The fourth chapter, "College Knowledge," explores the extent to which the movement toward universal college and career readiness has shaped content in high school curricula. Much like the earlier chapters "Math Problems" and "Advanced Literacies," St. John and his team problematize policy alliances. In this case, they used correlations between parents’ education and college success to argue that declines in student financial aid did not impair college access for low-income families. The authors argue that adding and enhancing college prep does little to address disparities in income distribution, which is the greatest factor in college success in our current system.


In the final chapter, "Toward Equitable Transformation," the authors revisit their critiques of simple and misleading applications of correlation in policy advocacy, emphasizing the growth in income inequality despite gains in college attainment and alleged increases in rigor in urban high schools. After concluding that, “the challenges facing urban high schools have not been solved by the issue-focused advocacy of education-reform alliances, but instead have been created or exacerbated by them,” (p. 153) they offer a brief theory of change that focuses on financial, social, and academic interventions.


From the perspective of an education researcher, one strength of this book is the attention it gives to how political alliances have shaped education policy formation, particularly the role of education researchers in creating and promoting deceptive claims. This critical take is a welcome departure from traditional policy studies that simply aim to link policy implementation to measurable outcomes. In their concluding chapter, the authors emphasize, “It is incumbent on education researchers and policymakers who work in the policy alliances to revise their rationales and recognize the unintended consequences of the policies they advocate” (p. 141).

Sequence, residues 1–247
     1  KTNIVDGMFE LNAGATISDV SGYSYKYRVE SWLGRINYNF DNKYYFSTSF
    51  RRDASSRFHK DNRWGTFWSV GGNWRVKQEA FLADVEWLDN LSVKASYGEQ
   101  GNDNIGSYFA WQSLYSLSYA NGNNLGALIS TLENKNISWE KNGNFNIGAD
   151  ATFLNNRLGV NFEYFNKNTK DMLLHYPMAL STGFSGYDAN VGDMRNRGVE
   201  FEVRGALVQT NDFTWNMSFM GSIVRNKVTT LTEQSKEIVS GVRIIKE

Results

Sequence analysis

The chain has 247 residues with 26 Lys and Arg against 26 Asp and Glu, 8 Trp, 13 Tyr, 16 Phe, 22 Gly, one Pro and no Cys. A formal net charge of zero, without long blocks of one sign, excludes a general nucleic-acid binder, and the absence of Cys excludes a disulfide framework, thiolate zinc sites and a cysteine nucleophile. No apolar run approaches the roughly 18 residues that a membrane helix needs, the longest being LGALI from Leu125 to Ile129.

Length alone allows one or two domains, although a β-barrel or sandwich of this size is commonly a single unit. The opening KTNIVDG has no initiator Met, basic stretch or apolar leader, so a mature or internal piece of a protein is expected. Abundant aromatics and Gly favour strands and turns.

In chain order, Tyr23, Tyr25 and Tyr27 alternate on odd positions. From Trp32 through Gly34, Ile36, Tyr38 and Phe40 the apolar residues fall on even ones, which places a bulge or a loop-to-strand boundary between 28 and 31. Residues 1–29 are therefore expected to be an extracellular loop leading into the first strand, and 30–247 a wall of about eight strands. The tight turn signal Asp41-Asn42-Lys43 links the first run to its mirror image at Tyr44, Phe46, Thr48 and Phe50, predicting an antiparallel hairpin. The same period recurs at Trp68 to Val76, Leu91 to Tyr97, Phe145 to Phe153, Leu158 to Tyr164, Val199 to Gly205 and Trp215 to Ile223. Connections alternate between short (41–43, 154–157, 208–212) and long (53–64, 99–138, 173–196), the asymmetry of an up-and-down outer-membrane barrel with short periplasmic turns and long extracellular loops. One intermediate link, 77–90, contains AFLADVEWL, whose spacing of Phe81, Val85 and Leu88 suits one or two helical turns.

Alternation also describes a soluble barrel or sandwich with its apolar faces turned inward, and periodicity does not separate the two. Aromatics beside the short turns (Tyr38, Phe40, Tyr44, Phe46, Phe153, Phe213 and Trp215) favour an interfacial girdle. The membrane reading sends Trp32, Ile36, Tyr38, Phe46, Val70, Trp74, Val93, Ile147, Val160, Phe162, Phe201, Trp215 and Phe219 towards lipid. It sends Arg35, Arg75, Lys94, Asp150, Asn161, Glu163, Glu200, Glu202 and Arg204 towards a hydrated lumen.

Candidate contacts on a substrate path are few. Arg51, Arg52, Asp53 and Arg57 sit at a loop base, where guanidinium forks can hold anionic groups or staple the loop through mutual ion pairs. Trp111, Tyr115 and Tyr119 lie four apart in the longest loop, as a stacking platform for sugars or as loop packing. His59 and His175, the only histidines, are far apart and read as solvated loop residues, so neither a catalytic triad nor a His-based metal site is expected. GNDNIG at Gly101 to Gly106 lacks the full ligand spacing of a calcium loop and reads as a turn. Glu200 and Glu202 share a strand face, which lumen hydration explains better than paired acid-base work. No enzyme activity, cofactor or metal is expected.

From my perspective as a former teacher in an urban district high school surrounded by selective district and charter schools, I think one weakness of the book is the sample of case study schools. The schools studied all had systems in place to be selective about the students they served and had outside funding to help them develop competitive strategies and market niches. Any knowledge gained about school reform efforts in the case study schools is not easily transferrable to, or helpful in thinking about, comprehensive urban neighborhood high schools that must serve all students who walk through their doors.


Overall, the book provides a “ground level view of education . . . seldom even considered by policy or education researchers” (p. 10). Important insights into how political alliances have shaped education policy formation coupled with a rare look into how policy decisions influence the daily practices inside of urban high schools is a valuable project. Early career education policy scholars and students of education policy would benefit from this book, particularly those with no urban teaching experience. Left Behind forces the reader to consider whether political alliances are shaping education policy formation in a way that is largely irrelevant to, and at times at odds with, promoting equity.




Cite This Article as: Teachers College Record, Date Published: October 10, 2016
https://www.tcrecord.org ID Number: 21676, Date Accessed: 1/18/2022 6:33:03 PM

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About the Author
  • Wagma Mommandi
    University of Colorado Boulder
    E-mail Author
    WAGMA MOMMANDI is a doctoral student in Education Foundations Policy and Practice in the School of Education at the University of Colorado Boulder. Prior to her doctoral work, Wagma spent five years teaching high school in the District of Columbia Public Schools. Wagma holds a B.A. from Colorado College and an M.Ed. from The American University. Her research interests center on the praxis of K-12 education policy and practice in urban cities.